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indicationUsed for immediate control of life-threatening convulsions in the treatment of severe toxemias (pre-eclampsia and eclampsia) of pregnancy and in the treatment of acute nephritis in children. Also indicated for replacement therapy in magnesium deficiency, especially in acute hypomagnesemia accompanied by signs of tetany similar to those of hypocalcemia. Also used in uterine tetany as a myometriat relaxant.
pharmacologyMagnesium sulfate is a small colorless crystal used as an anticonvulsant, a cathartic, and an electrolyte replenisher in the treatment of pre-eclampsia and eclampsia. It causes direct inhibition of action potentials in myometrial muscle cells. Excitation and contraction are uncoupled, which decreases the frequency and force of contractions. Magnesium sulfate is gaining popularity as an initial treatment in the management of various dysrhythmias, particularly torsades de pointes, and dyrhythmias secondary to TCA overdose or digitalis toxicity.
mechanism of actionMagnesium is the second most plentiful cation of the intracellular fluids. It is essential for the activity of many enzyme systems and plays an important role with regard to neurochemical transmission and muscular excitability. Magnesium sulfate reduces striated muscle contractions and blocks peripheral neuromuscular transmission by reducing acetylcholine release at the myoneural junction. Additionally, Magnesium inhibits Ca2+ influx through dihydropyridine-sensitive, voltage-dependent channels. This accounts for much of its relaxant action on vascular smooth muscle.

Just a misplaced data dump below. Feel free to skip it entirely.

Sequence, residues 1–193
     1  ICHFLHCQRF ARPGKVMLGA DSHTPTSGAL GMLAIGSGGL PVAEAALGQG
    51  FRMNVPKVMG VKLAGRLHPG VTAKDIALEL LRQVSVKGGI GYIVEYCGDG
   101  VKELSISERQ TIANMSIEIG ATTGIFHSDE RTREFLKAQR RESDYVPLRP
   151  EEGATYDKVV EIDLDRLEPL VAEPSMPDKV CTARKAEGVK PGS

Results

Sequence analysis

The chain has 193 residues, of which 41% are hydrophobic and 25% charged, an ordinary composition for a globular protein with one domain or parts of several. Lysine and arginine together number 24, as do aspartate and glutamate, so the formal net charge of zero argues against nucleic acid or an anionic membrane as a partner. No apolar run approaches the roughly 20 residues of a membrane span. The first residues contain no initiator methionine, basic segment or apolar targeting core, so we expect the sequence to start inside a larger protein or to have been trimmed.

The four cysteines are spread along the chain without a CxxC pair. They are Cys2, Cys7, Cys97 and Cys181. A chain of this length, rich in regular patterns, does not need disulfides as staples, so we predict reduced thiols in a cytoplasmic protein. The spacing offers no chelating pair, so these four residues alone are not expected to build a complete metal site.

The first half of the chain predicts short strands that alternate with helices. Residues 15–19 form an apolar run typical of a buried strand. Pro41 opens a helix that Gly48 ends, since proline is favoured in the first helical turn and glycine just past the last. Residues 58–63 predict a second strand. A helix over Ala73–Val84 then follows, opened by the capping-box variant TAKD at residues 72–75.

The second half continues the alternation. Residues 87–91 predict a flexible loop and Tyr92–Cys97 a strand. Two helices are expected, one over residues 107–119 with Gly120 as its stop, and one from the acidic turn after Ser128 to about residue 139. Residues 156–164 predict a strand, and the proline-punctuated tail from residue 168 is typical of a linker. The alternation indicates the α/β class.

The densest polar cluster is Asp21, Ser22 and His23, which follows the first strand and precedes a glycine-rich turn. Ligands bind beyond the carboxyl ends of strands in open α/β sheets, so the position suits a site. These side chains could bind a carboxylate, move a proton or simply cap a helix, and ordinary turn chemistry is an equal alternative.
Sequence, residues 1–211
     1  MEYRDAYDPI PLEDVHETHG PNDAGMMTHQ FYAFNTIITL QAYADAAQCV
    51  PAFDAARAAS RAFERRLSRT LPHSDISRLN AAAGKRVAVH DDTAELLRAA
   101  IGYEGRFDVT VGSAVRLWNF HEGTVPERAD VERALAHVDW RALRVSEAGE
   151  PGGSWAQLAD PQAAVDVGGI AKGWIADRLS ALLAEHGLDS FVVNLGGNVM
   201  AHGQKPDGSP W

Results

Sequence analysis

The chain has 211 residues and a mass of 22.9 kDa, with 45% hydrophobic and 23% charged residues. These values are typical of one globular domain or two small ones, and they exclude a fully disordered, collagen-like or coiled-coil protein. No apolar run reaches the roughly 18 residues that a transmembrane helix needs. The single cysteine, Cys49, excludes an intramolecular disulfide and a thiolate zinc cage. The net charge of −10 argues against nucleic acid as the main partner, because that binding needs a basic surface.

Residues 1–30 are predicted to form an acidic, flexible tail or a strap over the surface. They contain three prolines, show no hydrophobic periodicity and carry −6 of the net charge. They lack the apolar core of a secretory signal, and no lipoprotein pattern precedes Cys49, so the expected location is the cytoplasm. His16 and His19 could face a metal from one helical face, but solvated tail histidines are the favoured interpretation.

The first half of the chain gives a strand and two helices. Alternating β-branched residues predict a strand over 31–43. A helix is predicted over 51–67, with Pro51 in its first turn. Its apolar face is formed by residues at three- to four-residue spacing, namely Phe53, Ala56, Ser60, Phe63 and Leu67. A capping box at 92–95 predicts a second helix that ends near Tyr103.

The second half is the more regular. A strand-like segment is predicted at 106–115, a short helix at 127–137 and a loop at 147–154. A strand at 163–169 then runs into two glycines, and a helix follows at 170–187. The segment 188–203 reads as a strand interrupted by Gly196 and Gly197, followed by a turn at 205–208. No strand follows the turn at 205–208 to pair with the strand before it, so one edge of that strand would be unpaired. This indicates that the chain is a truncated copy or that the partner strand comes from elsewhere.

toxicityLD50 = 1200 mg/kg (rat, subcutaneous). May be harmful if swallowed. May act as an irritant. Adverse reactions include hypotension, ECG changes, diarrhea, urinary retention, CNS depression and respiratory depression.
half life43.2 hours (for newborns)
route of eliminationMagnesium is excreted solely by the kidney at a rate proportional to the serum concentration and glomerular filtration.
drug interactionsAtazanavir: This gastric pH modifier decreases the levels/effects of atazanavir
Tiludronate: The divalent cation of oral Magnesium sulfate may significantly decrease the absorption of Tiludronate by forming a nonabsorbable chelate. Oral dosing should be separated by at least 2 hours.
Triprolidine: The CNS depressants, Triprolidine and Magnesium sulfate, may increase adverse/toxic effects due to additivity. Monitor for increased CNS depressant effects during concomitant therapy.
Trovafloxacin: Magnesium may decrease the absorption of orally administered Trovafloxacin. Administer Trovafloxacin 2 hours before or 6 hours after a dose of the magnesium containing agent to minimize the interaction.